JBS discovered this when it suffered a ransomware attack in 2021. The largest meat processing company in the world, the attack disrupted plants in the USA, Canada and Australia and rendered all US-based beef processing plants temporarily inoperable. Disruption spread beyond the plants, as the US Department of Agriculture couldn’t offer wholesale prices for beef and pork.
The attack was resolved when JBS paid an $11 million ransom to regain control of its systems. While JBS doesn’t operate in the manufacturing industry, there is still plenty that manufacturers can learn, in particular, the far-reaching disruption cyber attacks cause to critical infrastructure.
As digital transformation sweeps through the manufacturing sector, machines are increasingly operated with software and monitored with IoT devices. Greater automation of critical processes streamlines operations, increases safety for workers, and can improve the longevity of equipment.
Cyber security plays an important role in keeping these systems, and by extension the equipment, safe.
In 2014, a spear phishing campaign gave hackers access to the control systems of a German steel mill. The attack forced an unscheduled shutdown and caused damage to a blast furnace.
While direct damage to equipment due to a cyber attack is rare, any repairs and associated downtime are costly. Spear phishing attacks rely on targets clicking malicious links or downloading malware; regular training helps staff spot phishing emails to prevent potentially devastating attacks.
Supply chains are critical components of the manufacturing industry. However, the interconnected nature of these supply chains also creates security vulnerabilities.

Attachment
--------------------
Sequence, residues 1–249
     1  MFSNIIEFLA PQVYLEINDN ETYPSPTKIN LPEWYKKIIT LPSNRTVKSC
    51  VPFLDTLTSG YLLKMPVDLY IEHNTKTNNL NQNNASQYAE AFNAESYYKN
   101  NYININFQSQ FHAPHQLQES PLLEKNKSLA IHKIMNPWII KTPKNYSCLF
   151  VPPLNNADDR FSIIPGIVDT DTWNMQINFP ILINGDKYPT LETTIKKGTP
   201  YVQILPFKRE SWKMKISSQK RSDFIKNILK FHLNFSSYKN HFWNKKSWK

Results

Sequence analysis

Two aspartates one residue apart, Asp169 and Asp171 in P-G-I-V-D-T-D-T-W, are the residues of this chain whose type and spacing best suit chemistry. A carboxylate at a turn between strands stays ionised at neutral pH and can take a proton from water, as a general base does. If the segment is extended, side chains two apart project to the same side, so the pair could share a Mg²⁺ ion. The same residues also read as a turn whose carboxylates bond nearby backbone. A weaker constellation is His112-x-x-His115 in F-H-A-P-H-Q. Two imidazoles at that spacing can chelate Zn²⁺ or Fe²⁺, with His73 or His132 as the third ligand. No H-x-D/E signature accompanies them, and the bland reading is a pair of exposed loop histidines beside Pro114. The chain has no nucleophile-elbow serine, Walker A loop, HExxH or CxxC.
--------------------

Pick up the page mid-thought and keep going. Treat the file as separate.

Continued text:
Cyber security helps manufacturers share information securely with partners and suppliers. If every business along the supply chain has a robust cyber security strategy in place, it’s easier to isolate attacks and prevent a ripple effect impacting other businesses.
Vulnerabilities come in many forms, including third-party software. For instance, vulnerabilities in certain Atlassian apps meant that hackers could effectively take over accounts and plant ‘backdoors’ for use in future attacks. Check Point carried out a full investigation, uncovering issues that may have affected Atlassian’s more than 200,000 customers.
Protecting against this requires manufacturers to both look at their own systems and vet potential partners. This includes establishing clear communication channels with partners and suppliers, conducting regular training and drills, and developing backup plans to isolate incidents and minimise disruptions to the supply chain.
Robust cyber security in manufacturing will drive success in the industry
Data breaches in the manufacturing industry can have far-reaching effects on a business’s financial health, legal compliance, and reputation.
The financial impact includes direct costs, loss of productivity, and potential revenue decline. Legal and regulatory consequences can result in significant fines and legal actions, while damage to reputation can lead to decreased customer trust and missed business opportunities.
Cyber security must become a priority for every business. By implementing robust policies and measures, manufacturers can safeguard their operations and protect their long-term success in an increasingly interconnected and vulnerable digital landscape.